I received a question from a reader who was asked by his employer to take a polygraph test, since stock has been disappearing from one of the storerooms to which he has access.
As is procedurally required, the employer asked everybody who has access to the storeroom to take the lie detection test. The reader would like to know if, and in which instances, an employer may request employees to take such a test.
He also wants to know if he is obliged to take the test. He is concerned that he may fail the test – even though he says he is not guilty of the alleged theft – and lose his job.
According to him, two of his co-workers were caught on surveillance camera carrying stock out of the storeroom without consent.
As to the question of whether an employee is compelled to take a lie detection test, it is dependent on whether the employee’s contract of employment makes provision for it or not.
In the event of the contract making provision for the test, the employee must undergo the test. If the contract does not make provision for it, the employee may elect whether to subject himself to the test or not.
The individual should be informed that the examinations are voluntary and that only specific questions will be asked relating to the purpose of the test.
The employee has the right to have an interpreter, if necessary, and on his or her request another person may be present during the examination provided that the person does not interfere in any way with the proceedings. The examiner’s consent will also be needed, as the person’s presence may interfere with the test result.
However, since it is generally accepted that an employee should agree to any reasonable request from his or her employer, it may be seen as inappropriate for an employee not to adhere to a request to take a lie detection test if the purpose of the test is to prove the employee’s innocence rather than his or her guilt.
According to the CCMA, polygraph test results may not be interpreted as implying guilt, but may be regarded as corroboration evidence only where there is other evidence of misconduct. In other words, on their own polygraph test results are not a basis for finding of guilt.
Even if these results cannot imply guilt on its own strength, a relationship of trust between an employer and an employee will undoubtedly suffer if it is indicated that the employee is deceptive during his or her test.
Although the test results alone cannot prove an employee’s guilt, it will most certainly create doubt in the mind of the employer.
Once the relationship of trust between an employer and employee has been broken, the employer may choose to begin an operational requirement consultation procedure. During this process, the employer and employee should look at possible ways of restoring the relationship of trust.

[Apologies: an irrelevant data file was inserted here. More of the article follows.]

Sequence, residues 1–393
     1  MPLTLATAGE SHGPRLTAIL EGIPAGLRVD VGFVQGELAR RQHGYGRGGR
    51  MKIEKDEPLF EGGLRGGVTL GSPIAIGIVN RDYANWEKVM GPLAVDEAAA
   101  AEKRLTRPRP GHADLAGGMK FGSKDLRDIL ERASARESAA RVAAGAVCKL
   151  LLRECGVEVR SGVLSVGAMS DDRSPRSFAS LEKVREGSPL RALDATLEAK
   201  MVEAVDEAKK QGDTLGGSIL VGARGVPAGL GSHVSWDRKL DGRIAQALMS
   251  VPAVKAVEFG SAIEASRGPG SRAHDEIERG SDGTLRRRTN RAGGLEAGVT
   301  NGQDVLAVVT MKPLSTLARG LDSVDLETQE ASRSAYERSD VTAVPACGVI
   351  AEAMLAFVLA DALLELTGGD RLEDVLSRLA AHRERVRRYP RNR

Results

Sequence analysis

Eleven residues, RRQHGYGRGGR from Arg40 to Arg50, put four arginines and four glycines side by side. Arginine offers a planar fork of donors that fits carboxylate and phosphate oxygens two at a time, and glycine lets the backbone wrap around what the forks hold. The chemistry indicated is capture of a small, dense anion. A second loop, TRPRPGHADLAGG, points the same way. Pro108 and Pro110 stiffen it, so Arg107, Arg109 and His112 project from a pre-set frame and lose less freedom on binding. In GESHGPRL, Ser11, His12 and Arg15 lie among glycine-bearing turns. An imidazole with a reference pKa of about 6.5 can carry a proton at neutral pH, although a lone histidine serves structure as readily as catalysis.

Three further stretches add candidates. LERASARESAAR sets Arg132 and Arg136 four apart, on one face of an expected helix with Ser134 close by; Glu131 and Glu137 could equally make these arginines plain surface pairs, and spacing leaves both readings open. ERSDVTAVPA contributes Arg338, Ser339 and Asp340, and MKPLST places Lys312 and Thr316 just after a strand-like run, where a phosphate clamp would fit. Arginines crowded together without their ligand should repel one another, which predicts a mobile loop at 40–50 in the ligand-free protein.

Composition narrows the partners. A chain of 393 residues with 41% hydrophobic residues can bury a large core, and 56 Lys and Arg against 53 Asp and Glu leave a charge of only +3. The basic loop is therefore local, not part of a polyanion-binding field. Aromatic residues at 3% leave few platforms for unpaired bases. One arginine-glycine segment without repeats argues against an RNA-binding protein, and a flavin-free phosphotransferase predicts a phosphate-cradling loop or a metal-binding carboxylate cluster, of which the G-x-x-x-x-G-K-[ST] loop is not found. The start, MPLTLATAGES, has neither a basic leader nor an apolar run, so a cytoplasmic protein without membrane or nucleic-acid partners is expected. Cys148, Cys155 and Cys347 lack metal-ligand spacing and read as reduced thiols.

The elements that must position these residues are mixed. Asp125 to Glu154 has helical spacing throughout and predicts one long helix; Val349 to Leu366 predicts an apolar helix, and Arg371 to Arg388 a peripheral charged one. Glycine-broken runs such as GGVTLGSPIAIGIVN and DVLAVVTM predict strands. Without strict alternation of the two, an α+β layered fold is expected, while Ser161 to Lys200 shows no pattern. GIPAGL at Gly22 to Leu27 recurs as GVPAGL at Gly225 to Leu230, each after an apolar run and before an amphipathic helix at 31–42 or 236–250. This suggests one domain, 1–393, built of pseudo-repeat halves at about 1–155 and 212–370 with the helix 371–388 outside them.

If this is not possible, the employer may go to the second stage of the procedure, where the termination of the employee’s service is discussed as well as the terms on which such a termination should take place.
Points to discuss at this stage would be how much the employee should be paid and when his services would be terminated.
If both parties agree and adhere to the terms they set out, it would mark the end of their working relationship. However, if the employee is unhappy about the terms suggested by his employer, he could lodge a case of unfair dismissal with the CCMA.
Generally speaking, employers are permitted to use the polygraph to investigate specific incidents where employees form part of the subject of the investigation and where there is a reasonable suspicion that the employee was involved in the incident.
Surveillance footage, on the other hand, could form the basis for a finding of guilt, as long as its authenticity can be proven.
Companies are allowed to put up surveillance cameras on their premises without employees’ consent. This does not threaten an employee’s right to privacy, as the workplace is deemed a public area.
Restrooms are the only areas that my not be put under surveillance.
Since the reader is adamant that he did not steal any items from the storeroom, my advice to him would be to undergo the polygraph test.
If he chooses not to take the test, it will probably raise suspicion with the employer that he (the reader) has something to hide and this would in any case tarnish the relationship of trust.
The surveillance footage – which is admissible in court – will show his two colleagues stealing items from the storeroom, while the reader’s polygraph results could be used as supportive evidence.
Wikus van Rensburg is a well-respected labour law attorney in Port Elizabeth in Nelson Mandela Bay.
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